In July I wrote a longish entry, "It's hard to predict", where among others things I stressed the importance of what I call 'network thinking'. I concluded that section by saying "the strongest advice I could give to any individual or business is to become sensitive to where you fit in your networks, learn to think in terms of nodes and connections and the complex interactions and feedback between them, and be conscious of the dynamics of your patterns of connection. Whether you are aware of it or not, your success or failure is going to bound up in how well or not you identify, create and navigate your networks."
I was pleased to find the other day a piece by Philip Agre, whose work I have long admired, making a similar point:
"Successful people, in my experience, engage in a great deal of issue entrepreneurship, repeatedly evolving their issues and expanding their networks as they go along. A well-chosen issue will identify what sociologists call a structural hole: a bunch of people, preferably already well-connected in other ways, who ought to know one another but don't. By identifying such an issue, the issue entrepreneur spots an opportunity to become centrally located in newly emerging social networks -- a position that can generally be converted to some kind of advantage, even if the details of that advantage are not necessarily clear at the outset. There is nothing wrong with this. It is a powerful way of understanding the world, and I wish that everyone knew how to do it. Yet this central skill of social life is a mystery to almost everyone, with the result that society is filled with misguided theories, e.g., that power is completely seamless and static, or that success is simply a matter of hard work or else entirely arbitrary."
Thirty years ago on September 11th there was an attack from the air on another building of symbolic importance. Then it was La Modena - the Presidential Palace in Santiago de Chile - and the planes were Chilean Air force jets. While the numbers killed in the Palace were relatively small, about 3000 disappeared in the events that followed and thousands more were imprisoned, tortured, forced into exile or lived in fear. This too was an assault on a country with a democratically elected government by people who believed they had God on their side.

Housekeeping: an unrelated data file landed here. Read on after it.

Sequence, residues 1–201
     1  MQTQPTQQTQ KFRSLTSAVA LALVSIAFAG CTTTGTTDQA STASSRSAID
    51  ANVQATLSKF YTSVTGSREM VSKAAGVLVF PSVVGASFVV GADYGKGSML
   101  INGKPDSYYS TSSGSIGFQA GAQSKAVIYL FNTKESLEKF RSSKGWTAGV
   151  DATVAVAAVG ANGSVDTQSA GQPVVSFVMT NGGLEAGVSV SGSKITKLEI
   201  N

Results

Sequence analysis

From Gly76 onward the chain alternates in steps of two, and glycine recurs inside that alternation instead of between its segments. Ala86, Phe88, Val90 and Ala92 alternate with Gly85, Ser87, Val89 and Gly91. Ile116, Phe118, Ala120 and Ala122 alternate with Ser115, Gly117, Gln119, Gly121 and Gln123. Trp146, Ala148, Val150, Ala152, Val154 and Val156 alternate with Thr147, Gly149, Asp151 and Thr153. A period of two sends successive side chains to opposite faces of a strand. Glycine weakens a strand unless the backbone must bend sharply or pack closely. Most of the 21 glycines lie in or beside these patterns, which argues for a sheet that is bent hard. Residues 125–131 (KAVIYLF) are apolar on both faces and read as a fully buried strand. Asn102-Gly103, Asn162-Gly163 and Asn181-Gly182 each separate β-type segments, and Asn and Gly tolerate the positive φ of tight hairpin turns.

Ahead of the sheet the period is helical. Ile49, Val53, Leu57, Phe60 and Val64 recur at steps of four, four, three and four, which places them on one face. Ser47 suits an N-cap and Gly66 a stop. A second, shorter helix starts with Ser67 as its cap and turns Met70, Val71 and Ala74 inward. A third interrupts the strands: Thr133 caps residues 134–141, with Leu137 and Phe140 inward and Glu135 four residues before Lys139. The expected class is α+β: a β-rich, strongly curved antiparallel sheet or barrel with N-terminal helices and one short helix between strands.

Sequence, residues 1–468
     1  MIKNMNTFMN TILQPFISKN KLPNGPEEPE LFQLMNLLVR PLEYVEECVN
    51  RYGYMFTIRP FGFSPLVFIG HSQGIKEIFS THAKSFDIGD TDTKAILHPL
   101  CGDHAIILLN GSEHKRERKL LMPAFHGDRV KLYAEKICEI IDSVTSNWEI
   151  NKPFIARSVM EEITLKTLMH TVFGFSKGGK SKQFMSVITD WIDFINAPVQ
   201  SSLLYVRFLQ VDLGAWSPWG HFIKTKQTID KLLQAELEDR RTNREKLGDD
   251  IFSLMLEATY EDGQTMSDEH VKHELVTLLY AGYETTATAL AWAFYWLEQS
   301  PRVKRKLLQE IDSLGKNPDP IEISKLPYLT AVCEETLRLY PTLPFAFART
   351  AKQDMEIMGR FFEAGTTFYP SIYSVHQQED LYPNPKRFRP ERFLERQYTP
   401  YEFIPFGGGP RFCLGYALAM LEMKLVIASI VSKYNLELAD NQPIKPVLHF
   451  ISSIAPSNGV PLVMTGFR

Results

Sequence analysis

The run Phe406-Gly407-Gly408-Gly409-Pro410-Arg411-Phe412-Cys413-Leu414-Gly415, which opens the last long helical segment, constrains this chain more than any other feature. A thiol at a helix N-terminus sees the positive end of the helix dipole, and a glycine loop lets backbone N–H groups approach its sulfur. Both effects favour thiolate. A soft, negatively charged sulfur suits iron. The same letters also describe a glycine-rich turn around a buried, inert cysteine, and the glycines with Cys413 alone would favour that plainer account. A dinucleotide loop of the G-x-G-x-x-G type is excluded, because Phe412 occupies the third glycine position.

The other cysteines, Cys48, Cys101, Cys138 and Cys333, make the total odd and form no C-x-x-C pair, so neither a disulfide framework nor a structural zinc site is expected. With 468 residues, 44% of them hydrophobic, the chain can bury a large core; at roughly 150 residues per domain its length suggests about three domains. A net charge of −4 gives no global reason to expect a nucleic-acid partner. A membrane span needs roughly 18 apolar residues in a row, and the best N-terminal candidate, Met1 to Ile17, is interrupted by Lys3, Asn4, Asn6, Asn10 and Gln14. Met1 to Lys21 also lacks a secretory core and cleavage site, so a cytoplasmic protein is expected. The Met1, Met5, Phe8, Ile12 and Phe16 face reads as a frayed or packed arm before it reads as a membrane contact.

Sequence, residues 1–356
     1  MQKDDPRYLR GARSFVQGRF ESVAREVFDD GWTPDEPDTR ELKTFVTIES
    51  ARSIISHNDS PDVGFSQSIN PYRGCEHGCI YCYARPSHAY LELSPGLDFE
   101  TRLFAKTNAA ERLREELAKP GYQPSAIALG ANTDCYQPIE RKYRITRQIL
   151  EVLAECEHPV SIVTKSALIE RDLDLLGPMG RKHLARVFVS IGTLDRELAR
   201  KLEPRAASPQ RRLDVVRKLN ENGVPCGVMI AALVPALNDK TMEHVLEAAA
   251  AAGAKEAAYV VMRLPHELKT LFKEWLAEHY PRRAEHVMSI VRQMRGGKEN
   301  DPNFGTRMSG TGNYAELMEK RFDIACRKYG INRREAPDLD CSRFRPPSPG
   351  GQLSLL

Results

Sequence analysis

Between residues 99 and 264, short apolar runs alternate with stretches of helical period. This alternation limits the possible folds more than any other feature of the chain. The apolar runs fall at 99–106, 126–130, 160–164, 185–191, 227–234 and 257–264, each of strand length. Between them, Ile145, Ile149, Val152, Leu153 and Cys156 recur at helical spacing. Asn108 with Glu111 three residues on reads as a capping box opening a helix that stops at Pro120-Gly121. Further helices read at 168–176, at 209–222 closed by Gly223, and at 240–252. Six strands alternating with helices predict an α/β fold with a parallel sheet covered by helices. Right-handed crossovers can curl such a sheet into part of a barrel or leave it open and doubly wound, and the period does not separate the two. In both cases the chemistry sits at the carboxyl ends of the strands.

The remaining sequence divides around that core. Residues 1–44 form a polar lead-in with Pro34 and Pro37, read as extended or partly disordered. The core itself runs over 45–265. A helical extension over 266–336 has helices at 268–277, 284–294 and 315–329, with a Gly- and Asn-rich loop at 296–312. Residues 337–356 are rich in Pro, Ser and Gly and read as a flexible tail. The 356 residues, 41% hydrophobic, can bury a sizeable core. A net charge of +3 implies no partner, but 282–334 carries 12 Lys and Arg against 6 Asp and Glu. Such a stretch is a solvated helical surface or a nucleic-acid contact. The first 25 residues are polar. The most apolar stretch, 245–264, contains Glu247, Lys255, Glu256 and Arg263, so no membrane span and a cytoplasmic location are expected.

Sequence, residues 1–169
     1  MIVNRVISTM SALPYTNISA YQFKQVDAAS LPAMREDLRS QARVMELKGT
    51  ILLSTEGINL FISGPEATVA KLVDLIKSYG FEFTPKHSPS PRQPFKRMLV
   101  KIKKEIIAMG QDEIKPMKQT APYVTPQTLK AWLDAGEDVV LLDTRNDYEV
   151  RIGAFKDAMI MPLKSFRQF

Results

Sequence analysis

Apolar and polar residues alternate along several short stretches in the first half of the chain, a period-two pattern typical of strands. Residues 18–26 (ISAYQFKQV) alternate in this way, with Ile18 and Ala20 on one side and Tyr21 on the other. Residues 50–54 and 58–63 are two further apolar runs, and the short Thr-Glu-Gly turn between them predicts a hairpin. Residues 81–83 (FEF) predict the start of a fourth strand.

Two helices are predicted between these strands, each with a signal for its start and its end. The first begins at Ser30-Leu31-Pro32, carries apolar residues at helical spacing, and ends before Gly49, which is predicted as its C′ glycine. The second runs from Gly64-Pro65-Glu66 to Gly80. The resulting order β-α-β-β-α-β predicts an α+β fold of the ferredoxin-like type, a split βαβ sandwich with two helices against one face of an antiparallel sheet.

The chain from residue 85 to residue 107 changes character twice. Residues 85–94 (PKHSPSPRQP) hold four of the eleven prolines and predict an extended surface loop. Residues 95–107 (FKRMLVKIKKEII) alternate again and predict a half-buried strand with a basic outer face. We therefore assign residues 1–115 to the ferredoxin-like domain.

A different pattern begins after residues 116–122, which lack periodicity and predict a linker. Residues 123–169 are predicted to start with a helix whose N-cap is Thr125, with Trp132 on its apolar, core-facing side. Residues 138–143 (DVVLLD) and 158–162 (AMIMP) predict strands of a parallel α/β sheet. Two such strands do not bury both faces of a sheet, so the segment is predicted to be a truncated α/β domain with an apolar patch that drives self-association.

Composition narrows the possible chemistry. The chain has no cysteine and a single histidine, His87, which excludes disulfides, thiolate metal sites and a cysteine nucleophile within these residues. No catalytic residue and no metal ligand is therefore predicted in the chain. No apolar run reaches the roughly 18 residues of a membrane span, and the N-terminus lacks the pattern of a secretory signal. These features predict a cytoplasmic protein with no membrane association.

There will be others better qualified than me who will no doubt be drawing parallels between the two September 11ths over the next few days. What I would like to draw attention to is another less remarked loss from the first - the destruction of a cybernetic system designed to run a national economy in real time.
I touched on this in a paper,"As We Might Learn: Vannevar Bush where are you now?" when I wrote:
""... the only large scale attempt to apply cybernetic insights into running a national economy in real time, under the Allende government in Chile in the early seventies, was ruthlessly crushed as a side effect of the US-backed coup 1973. Destroying a democratically elected government, torturing, killing and disappearing thousands of people and installing a military dictatorship is the kind of crime that the forces of organised stupidity have committed for years, in both the East and the West. But destroying an experiment from which we could have learned much, whether it succeed or failed, without even realising they were doing so, is an almost unprecedented triumph of stupidity. I am using 'stupidity' here in a very precise, even technical way. In this definition it is the inability of the brain or any other part of nature to accept useful information, learn from it, and act intelligently on it.""
I was reminded of this by an article in the Guardian by Andy Becket, "Santiago Dreaming", where he gives his account of Stafford Beer's team's work on setting up this system in Chile. One irony I hadn't known was that on September 10th the team was measuring up a room in the Presidential Palace for an updated control centre. A further irony was that despite reports in some of the Western press, including the New Scientist, that Beer was establishing a totalitarian "Big Brother" system, when the Military that took over looked at it, "they found the open, egalitarian aspects of the system unattractive and destroyed it."
Now, while I have adopted many of Beer's ideas and insights into my own thinking, I have some doubts about the viability and practicality of his total system. The Chilean experiment could have been an important test for his ideas and if he was right, we might have been able to manage our world more effectively. Equally, if he was wrong, we would know that we had to look elsewhere. In any case, the experiment was cut short and when and if another opportunity to find out whether it would work will arise is unclear.
Stafford Beer died last year, but before he died he gave an address at the University of Valladolid, "What is Cybernetics?" (PDF). Curiously, it gives this piece a kind of symmetry, because he gives a cybernetic interpretation of the events September 11th 2001 as well a wider discussion of his ideas and of his experience in Chile. In these days of over simple ideas and theories it is well worth a read.